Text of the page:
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Feb 16, 2016 | The Rev. Cynthia Caruso

Reflection on a Chaplain Experience

Have mercy on me, O God, according to your loving-kindness; in your great compassion blot out my offenses. Wash me through and through from my wickedness and cleanse me from my sin. Book of Common Prayer, Ash Wednesday, page 266.

 

In the summer of 2011 I went to Burlington, Vermont to stay with a friend and do a summer unit of Clinical Pastoral Education (CPE), chaplaincy internship. I had believed, when I began seminary in 2010, that I was called to hospital chaplaincy, and I had 12 weeks to discern if this was true.

 

Within 10 days I knew I was NOT called to this work. I did not like chaplaincy. I was awkward with strangers, felt like I was sort of selling spirituality, and disliked being inside a nearly windowless hospital all day.

 

Because Vermont is such a secular state, most of the patients I visited did not want a chaplain. “We’re fine,” they’d say, waving me out the door. But one day I entered a room to find “Bill,” who had nearly died from alcohol poisoning a few days prior, and who wanted to talk about God, and life, and how to move away from destructive behavior. Bill had a Southern accent, and I felt at home immediately.

 

We talked a bit about God that first day, and at his request, I took him a Bible the next day; but it was when I returned on Saturday that things got more serious. Bill asked me how I dealt with sin. I told him I didn’t sin much, didn’t think much about it. He told me he had done some terrible things. I didn’t know what to say. We had strict rules about not getting too personal with patients. So I asked him if he had looked at the Bible I had brought him, and he said no, but he asked me to hand it to him.

 

He flipped through the Bible like a magazine, and I agonized over what I should say next. Should I suggest he start with Genesis? I did not say anything for half a minute as he riffled the pages. Just as I started to suggest he begin with one of the Gospels, he stopped flipping and looked at a page about half way through the book.

 

“What is this?” he asked, “It says a song of repentance.” He began read, “Have mercy on me, O God, according to your loving-kindness; in your great compassion blot out my offenses. Wash me through and through from my wickedness and cleanse me from my sin.” Bill looked at me, and I said, “You just found one of the most famous psalms. They read this every Ash Wednesday.”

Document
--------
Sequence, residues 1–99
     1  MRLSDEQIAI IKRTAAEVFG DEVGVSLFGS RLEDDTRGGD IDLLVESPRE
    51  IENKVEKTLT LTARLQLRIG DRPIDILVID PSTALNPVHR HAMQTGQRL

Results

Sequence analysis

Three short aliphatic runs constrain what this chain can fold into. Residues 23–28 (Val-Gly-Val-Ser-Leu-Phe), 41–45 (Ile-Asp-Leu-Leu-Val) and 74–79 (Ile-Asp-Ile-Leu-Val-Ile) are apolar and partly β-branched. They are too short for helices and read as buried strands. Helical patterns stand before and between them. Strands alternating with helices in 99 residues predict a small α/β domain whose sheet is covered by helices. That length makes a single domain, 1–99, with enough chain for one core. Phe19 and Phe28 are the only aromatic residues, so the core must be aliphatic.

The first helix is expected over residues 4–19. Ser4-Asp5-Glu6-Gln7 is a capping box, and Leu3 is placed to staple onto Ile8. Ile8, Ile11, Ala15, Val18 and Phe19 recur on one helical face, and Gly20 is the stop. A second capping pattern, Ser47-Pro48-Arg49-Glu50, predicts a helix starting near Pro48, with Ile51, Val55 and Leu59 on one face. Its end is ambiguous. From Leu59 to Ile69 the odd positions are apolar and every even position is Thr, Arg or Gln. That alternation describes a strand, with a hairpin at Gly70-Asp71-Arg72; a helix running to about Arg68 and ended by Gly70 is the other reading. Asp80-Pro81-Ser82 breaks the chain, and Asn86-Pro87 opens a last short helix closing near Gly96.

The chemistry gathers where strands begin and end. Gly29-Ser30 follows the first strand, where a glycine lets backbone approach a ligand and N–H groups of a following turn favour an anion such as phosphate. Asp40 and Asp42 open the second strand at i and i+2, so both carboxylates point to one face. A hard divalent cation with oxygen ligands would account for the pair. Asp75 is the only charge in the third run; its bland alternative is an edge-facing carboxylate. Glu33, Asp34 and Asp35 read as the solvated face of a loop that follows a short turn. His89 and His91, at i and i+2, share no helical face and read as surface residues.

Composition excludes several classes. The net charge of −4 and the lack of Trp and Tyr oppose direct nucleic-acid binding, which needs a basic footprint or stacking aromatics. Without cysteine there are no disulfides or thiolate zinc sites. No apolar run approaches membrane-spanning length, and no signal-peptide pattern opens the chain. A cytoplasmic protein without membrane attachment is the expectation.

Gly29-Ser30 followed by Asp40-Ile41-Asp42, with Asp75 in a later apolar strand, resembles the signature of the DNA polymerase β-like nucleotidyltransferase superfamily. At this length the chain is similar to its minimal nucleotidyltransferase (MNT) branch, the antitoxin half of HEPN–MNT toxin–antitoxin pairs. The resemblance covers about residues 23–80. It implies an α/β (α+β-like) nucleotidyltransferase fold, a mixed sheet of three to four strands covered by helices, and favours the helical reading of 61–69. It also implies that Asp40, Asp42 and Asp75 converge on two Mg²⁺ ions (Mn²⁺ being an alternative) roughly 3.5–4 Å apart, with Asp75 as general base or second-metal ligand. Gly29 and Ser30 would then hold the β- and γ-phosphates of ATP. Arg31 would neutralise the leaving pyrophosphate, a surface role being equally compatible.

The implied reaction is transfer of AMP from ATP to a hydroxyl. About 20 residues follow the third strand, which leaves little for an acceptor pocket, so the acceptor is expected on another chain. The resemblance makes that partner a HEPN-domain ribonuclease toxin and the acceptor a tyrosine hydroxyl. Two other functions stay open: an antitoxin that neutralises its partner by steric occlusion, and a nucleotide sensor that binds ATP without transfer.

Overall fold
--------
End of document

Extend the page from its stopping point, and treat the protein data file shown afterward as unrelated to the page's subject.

Bill continued reading, “For I know my transgressions, and my sin is ever before me. Against you only have I sinned and done what is evil in your sight.” He stopped reading, his eyes still on the words. Then he started to cry softly. I got up from my chair and walked to the side of his bed and stood silently beside him. He looked up at me and then asked if I could read the rest of it. “Create in me a clean heart, O God, and renew a right spirit within me. Cast me not away from your presence and take not your holy Spirit from me. Give me the joy of your saving help again and sustain me with your bountiful Spirit, “ I continued, until I finished. The room was utterly silent. I looked at Bill. His face was serene, full of light. Then he held up his arms to me, and I bent over and held him.

 

Finally I released him and walked softly out of the room.

 

On Ash Wednesday, I remembered Bill, a Southerner in a Yankee hospital, a man far from home, who was found by a psalm.

 

The sacrifice of God is a troubled spirit; a broken and contrite heart, O God, you will not despise.

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